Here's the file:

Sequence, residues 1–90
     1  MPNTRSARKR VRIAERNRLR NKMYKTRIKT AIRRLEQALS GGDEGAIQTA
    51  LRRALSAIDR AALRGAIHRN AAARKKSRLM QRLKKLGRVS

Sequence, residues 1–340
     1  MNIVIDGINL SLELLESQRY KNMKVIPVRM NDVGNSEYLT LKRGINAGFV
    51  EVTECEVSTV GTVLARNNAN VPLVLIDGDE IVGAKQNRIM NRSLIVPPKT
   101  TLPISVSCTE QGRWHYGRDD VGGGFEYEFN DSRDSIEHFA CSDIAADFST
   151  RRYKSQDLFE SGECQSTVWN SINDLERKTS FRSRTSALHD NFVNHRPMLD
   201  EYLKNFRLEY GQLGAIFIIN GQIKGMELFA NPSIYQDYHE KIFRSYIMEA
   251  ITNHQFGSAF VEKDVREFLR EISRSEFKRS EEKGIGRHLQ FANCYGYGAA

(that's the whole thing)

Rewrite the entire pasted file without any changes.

Sequence, residues 1–90
     1  MPNTRSARKR VRIAERNRLR NKMYKTRIKT AIRRLEQALS GGDEGAIQTA
    51  LRRALSAIDR AALRGAIHRN AAARKKSRLM QRLKKLGRVS

Sequence, residues 1–340
     1  MNIVIDGINL SLELLESQRY KNMKVIPVRM NDVGNSEYLT LKRGINAGFV
    51  EVTECEVSTV GTVLARNNAN VPLVLIDGDE IVGAKQNRIM NRSLIVPPKT
   101  TLPISVSCTE QGRWHYGRDD VGGGFEYEFN DSRDSIEHFA CSDIAADFST
   151  RRYKSQDLFE SGECQSTVWN SINDLERKTS FRSRTSALHD NFVNHRPMLD
   201  EYLKNFRLEY GQLGAIFIIN GQIKGMELFA NPSIYQDYHE KIFRSYIMEA
   251  ITNHQFGSAF VEKDVREFLR EISRSEFKRS EEKGIGRHLQ FANCYGYGAA